PowWow

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PowWow hardware platform

PowWow (Power Optimized Hardware and Software FrameWork for Wireless Motes) is a wireless sensor network (WSN) mote developed by the Cairn team of IRISA/INRIA. The platform is currently based on IEEE 802.15.4 standard radio transceiver and on an MSP430 microprocessor. Unlike other available mote systems, PowWow offers specific features for a very-high energy efficiency:[1]

Hardware[2][edit]

PowWow hardware platform is composed of a motherboard including an MSP430 microcontroller and of other daughter boards such as the radio transceiver board, the coprocessing board and some sensor and energy harvester boards.

PowWow synoptic.png

Processing motherboard[edit]

  • TI MSP430 low-power microcontroller
  • MSP430F1612 version, 8 MHz clock
  • 55KB of flash memory, 5KB of on-chip RAM
  • 330uA at 1 MHz and 2.2 V in active mode, 1.1uA in standby mode
  • P1, P2 connectors for extension
  • JTAG, RS232 and I2C interfaces

Radio Board[edit]

  • TI CC2420 RF transceiver
    • Digital direct sequence spread spectrum baseband modem
    • Single-chip 2.4 GHz IEEE 802.15.4 compliant
    • Spreading gain of 9 dB, data rate of 250 kbit/s
  • Hardware support for packet handling, data buffering, burst transmissions, data encryption, data authentication, clear channel assessment, link quality indication and packet timing information

Co-processing Board[edit]

A co-processing board can be added to the motherboard on P1, P2 connectors. This board provides dynamic voltage scaling and hardware acceleration to increase the energy efficiency of the network.

  • Power Mode Management (PMM)
    • Low-Power Programmable Timer for Wake-up period
    • MAX6370, 8uA
  • Dynamic Voltage and Frequency Scaling (DFVS)
    • Programmable Clock
      • LTC6930, 490uA
      • 8 MHz divided by 1 to 128
    • Programmable DC/DC converter
      • TPS62402/TPS61030
  • FPGA co-processing
    • Low-power Igloo FPGA from Actel
    • AGL125: 130 nm, 125 kgates, 32kbits on-chip RAM, 1 kbits Flash, PLL for clock management.
    • Supply voltages 0 to 1.65V
    • Power consumption: 2.2 uW, 16 uW, 1 to 30 mW in sleep, freeze, run modes
    • e.g. Viterbi decoder for link layer implemented on the FPGA consumes 5 mW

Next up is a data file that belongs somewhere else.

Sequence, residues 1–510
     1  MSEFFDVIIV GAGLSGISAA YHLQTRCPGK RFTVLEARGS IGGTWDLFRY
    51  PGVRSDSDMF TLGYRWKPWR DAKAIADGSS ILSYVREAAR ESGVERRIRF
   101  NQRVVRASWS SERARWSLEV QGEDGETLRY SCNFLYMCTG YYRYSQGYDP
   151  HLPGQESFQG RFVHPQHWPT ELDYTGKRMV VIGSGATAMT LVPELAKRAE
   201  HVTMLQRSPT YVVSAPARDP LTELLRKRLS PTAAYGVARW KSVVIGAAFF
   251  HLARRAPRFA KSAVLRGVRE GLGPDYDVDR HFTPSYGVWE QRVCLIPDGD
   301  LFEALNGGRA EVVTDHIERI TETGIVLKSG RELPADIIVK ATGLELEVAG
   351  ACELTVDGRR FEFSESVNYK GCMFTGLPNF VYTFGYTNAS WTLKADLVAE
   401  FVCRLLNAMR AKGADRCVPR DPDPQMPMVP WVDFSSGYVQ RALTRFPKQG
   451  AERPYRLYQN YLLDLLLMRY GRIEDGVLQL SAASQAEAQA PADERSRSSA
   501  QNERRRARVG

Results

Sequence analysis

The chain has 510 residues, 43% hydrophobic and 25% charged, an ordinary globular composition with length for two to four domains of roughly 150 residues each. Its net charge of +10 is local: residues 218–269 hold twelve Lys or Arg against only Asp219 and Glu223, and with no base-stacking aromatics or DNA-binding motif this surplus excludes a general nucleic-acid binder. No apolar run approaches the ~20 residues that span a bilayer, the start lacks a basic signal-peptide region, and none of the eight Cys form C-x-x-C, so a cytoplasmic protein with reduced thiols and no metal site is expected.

Networking[edit]

  • MAC layer: preamble sampling protocol

PowWow uses RICER[3] protocol proposed by UC Berkeley to reduce the time spent in radio reception (RX) mode. This protocol consists in cycled rendez-vous initiated by a wake-up beacon from potential receivers. Thanks to this method, nodes are sleeping most of the time, hence saving energy.

PowWow uses a simple geographical routing protocol.

    • Each node has (x,y) coordinates
    • Next node for hop transmission is chosen in the neighbors as the nearest to the destination

in the sense of Euclidean distance

  • Neighbor table management
    • A neighbor is a node in the radio range of a node
    • Neighbors are discovered at power-up and on regular time period
  • Transmission modes
    • Broadcast
      • Direct transmission to {neighbors}, no ACK
    • Flooding
      • Broadcast a packet to all network nodes, no ACK
    • Direct Hop with/without ACK
      • Direct transmission to a specific neighbors with/without ACK
    • Robust Multi-Hop
      • Multi-hop transmission to a specific node in the network
      • Each hop is with ACK
      • Uses node address

Software[edit]

PowWow software distribution provides an API organized into protocol layers (PHY, MAC, LINK, NET and APP). The software is based on the protothread library of Contiki, which provides a sequential control flow without complex state machines or full multi-threading.

  • Memory efficiency: 6 Kbytes (protocol layers) + 5 Kbytes (application)
  • Over-the-air re-programmation (and soon reconfiguration)

Development Tools[edit]

Availability[edit]

The first version of PowWow were released July 2009. PowWow V1 includes the motherboard, the radio board and the software. A first prototype of the coprocessing board is currently available but not yet distributed. PowWow V2 is under development.

PowWow is delivered as an open-source hardware and open source software under the GPL license.

External links[edit]

Sources[edit]

  1. ^ O. Berder and O. Sentieys. Powwow : Power optimized hardware/software framework for wireless motes. In Proc. of the Workshop on Ultra-Low Power Sensor Networks (WUPS), co-located with Int. Conf. on Architecture of Computing Systems (ARCS 2010), pages 229–233, Hannover, Germany, February 2010.
  2. ^ http://powwow.gforge.inria.fr/subpages/Hardware.html
  3. ^ Lin, E.-Y. A., Rabaey, J. M., Wolisz, A. : Power-efficient rendez-vous schemes for dense wireless sensor networks. In Proc. of the IEEE Int. Conf. on Communications, Paris, France, June 2004.
  4. ^ M.M. Alam, O. Berder, D. Menard, T. Anger, and O. Sentieys. A hybrid model for accurate energy analysis of wsn nodes. EURASIP Journal on Embedded Systems, 2011.